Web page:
Higher authority got involved soon after. The Canadian Radio-television Telecommunications Commission (CRTC), after receiving numerous complaints on the ruling of the CBSC, requested that the CBSC consider the specific context of the lyric. (“Radio Censorship”) Black and White Explicit Content Label The black and white explicit content label, also called the parental advisory label, was first implemented in 1985 by the Record Industry Association of America (RIAA). The Parents Music Resource Center (PMRC) wanted a way to label explicit content so it could be easily recognized by both children and adults (Cole 2010).

Usually radio stations will avoid playing music with the parental advisory label or will at least play the clean version. There is no set standard for music; instead, each record company can decide whether any given album requires a label. Most are labeled explicit if they have reference to profanity, sex, drugs or violence (Mika 2005). Since there is no set standard, some songs get it for using one swear word while another can swear throughout the song and not get labeled. For example, Aaron Carter’s self-titled album was labeled explicit even though he had a clean reputation at the time as well as clean music content.

Some albums by Green Day and Maroon 5 were released without a label even though most would agree it deserved one, because they were produced by small record companies. Positives of Censorship Censorship is advantageous in many ways. It avoids controversy over music content for starters. If something is censored on the radio, it is most likely to not upset those who would be offended by it. People have different ideas on what is appropriate, so what someone thinks is okay, another person may find inappropriate. Censoring gets rid of that issue altogether and avoids the controversy.

Censoring also prevents younger children from being exposed to inappropriate content. The radio is easily accessible. People can listen to it on the mp3 players, in their cars, on the internet, on cell phones, and in public places. If nothing was censored, parents could never be sure what their children were listening to. Parents usually want some censorship so that their children don’t learn to be disrespectful or begin swearing, drinking, smoking, etc. at an early age. Parents would like their children to be structured and under good influence which can be achieved through radio censorship. Peabody) Negatives of Censorship Although censorship is primarily good, censorship also has some disadvantageous effects. When music content is censored, it is edited. Depending on the way it’s edited, it can change the central idea of the song. For example, Nas, a well-known rapper who has multiple platinum records, was censored in his song Hip-Hop is Dead. The original lyrics “cuz we love to talk on a** we gettin’” were censored to “cuz we love to talk on nasty chickens”. This change the meaning from what the artist originally wanted to say, but it is more appropriate and less offensive.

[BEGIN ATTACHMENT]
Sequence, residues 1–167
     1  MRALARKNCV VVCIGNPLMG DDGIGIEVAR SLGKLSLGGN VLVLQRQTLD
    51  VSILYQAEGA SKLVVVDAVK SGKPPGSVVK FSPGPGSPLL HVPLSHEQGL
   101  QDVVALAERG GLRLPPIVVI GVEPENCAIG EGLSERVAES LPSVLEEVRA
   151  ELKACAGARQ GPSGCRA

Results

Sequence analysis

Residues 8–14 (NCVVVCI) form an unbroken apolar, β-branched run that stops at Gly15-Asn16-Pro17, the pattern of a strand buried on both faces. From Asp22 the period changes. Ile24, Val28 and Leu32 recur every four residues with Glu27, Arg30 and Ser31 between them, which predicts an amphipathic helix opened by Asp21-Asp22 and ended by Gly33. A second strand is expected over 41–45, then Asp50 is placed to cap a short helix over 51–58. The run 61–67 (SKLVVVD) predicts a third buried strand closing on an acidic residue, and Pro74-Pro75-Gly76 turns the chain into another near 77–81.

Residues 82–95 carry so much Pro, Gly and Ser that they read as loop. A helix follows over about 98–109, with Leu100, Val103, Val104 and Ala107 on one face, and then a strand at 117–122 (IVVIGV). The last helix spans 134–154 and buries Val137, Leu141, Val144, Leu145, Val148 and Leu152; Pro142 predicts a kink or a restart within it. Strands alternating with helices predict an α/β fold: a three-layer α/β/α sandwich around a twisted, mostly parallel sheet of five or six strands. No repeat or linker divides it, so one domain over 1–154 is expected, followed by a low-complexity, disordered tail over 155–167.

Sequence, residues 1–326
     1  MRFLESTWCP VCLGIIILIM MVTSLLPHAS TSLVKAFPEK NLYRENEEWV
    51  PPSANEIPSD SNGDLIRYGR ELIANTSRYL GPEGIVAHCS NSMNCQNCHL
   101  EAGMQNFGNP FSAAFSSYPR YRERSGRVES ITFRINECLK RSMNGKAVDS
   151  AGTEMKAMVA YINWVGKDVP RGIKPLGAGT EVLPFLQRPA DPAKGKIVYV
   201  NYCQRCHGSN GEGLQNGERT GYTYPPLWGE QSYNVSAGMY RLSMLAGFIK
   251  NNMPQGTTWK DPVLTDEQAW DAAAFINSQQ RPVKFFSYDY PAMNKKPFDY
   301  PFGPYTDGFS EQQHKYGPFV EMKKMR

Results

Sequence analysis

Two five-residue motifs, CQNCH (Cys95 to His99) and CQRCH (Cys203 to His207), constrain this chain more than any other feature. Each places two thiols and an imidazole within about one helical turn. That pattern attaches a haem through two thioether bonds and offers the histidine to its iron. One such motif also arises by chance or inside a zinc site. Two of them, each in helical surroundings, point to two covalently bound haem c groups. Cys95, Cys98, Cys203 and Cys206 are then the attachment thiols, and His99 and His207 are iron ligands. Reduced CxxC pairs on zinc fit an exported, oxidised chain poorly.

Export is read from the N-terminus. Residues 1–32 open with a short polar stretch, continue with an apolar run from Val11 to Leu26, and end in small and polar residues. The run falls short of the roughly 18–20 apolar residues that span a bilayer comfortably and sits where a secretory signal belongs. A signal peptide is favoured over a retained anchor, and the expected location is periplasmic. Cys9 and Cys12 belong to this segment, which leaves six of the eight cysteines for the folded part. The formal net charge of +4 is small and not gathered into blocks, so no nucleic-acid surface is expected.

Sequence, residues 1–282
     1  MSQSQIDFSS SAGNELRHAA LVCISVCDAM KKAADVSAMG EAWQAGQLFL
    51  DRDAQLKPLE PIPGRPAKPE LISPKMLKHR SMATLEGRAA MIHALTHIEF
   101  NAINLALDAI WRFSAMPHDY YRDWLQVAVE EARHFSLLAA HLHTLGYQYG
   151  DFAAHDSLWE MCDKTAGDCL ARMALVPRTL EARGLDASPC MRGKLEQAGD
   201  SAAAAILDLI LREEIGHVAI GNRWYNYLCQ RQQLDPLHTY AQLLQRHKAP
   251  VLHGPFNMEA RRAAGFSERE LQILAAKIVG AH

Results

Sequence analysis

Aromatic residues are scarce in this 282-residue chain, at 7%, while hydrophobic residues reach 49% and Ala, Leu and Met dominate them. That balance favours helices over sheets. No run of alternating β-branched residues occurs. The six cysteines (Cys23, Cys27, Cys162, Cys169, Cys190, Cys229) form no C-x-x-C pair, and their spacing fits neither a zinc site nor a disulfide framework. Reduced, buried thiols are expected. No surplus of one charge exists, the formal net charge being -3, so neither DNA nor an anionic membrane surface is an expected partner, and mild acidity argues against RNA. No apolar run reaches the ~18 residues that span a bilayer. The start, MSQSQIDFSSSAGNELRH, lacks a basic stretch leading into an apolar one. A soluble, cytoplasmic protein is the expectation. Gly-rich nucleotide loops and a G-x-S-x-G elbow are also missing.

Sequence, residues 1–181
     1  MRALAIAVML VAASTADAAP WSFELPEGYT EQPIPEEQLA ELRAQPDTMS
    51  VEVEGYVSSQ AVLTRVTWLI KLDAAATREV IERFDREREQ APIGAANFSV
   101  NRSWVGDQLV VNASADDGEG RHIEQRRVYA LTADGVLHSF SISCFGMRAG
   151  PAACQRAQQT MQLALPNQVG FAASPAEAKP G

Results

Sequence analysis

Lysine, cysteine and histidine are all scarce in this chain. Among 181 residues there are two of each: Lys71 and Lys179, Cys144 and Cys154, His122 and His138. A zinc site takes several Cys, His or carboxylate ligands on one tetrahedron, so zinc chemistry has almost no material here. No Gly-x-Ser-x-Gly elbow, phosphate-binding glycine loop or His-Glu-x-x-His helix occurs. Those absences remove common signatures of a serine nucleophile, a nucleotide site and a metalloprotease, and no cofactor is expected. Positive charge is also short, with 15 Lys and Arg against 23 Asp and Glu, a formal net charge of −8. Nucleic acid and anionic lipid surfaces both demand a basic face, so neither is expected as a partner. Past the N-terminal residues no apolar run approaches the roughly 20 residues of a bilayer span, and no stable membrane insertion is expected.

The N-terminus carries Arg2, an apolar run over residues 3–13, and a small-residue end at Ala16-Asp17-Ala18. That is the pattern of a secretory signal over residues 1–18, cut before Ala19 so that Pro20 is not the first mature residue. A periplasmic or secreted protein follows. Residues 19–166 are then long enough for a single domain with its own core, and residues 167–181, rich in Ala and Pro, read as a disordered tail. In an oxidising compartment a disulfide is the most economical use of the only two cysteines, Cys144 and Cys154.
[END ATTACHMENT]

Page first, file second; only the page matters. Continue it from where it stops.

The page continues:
Sometimes there is a phrase or multiple swear words in a row where it would be better to just change the phrase completely to a non-explicit one. Songwriters can argue that this changes the meaning of the song when their main lyrics get omitted. In a way, it limits artists’ creativity and freedom of speech. However, it is better to limit creativity than expose young ears and eyes to inappropriate content. What they hear and see could very well lead them into other inappropriate and dangerous things for people of young age.

Another negative component of censorship is that people’s opinions differ on what is appropriate. Younger people usually think profanity isn’t a big deal while older people are usually annoyed by it. This is because there is a difference in the values of the generations. Also, some just find vulgar language amusing and funny while others find it disgusting; this usually depends on a person’s personality and what they like. Since not everyone can agree, no one can define the extent at which music needs to be labeled explicit. This disagreement causes anger and annoyance between people.

Artists usually resent the idea of being labeled explicit because it limits their audience and therefore their popularity. Once again, most find that the positives of censorship outweigh the bad and decide to follow through with it, even if people disagree to the extent something should be censored. (Peabody) Forms of Censorship One of the largest forms of censorship is airplay censorship. We hear this kind of censorship on the radio on a daily basis. Airplay censorship consists of Artists’ lyrics being banned from being played on the radio.

An example of this would be when, in 1956, ABC radio refused to play Billie Holiday’s “Love for Sale” because the lyrics are about prostitution, but “Love For Sale” would be on the radio again. ABC also made Cole Porter change the lyric of “I Get A Kick Out Of You”, which was a hit for Frank Sinatra. Porter’s original stated “I get no kick from cocaine”. The cleaned-up version was “I get perfume from Spain. ” (Plummer 2010) BBC radio is a public broadcaster, so almost all of the time they cannot play songs that include product placement.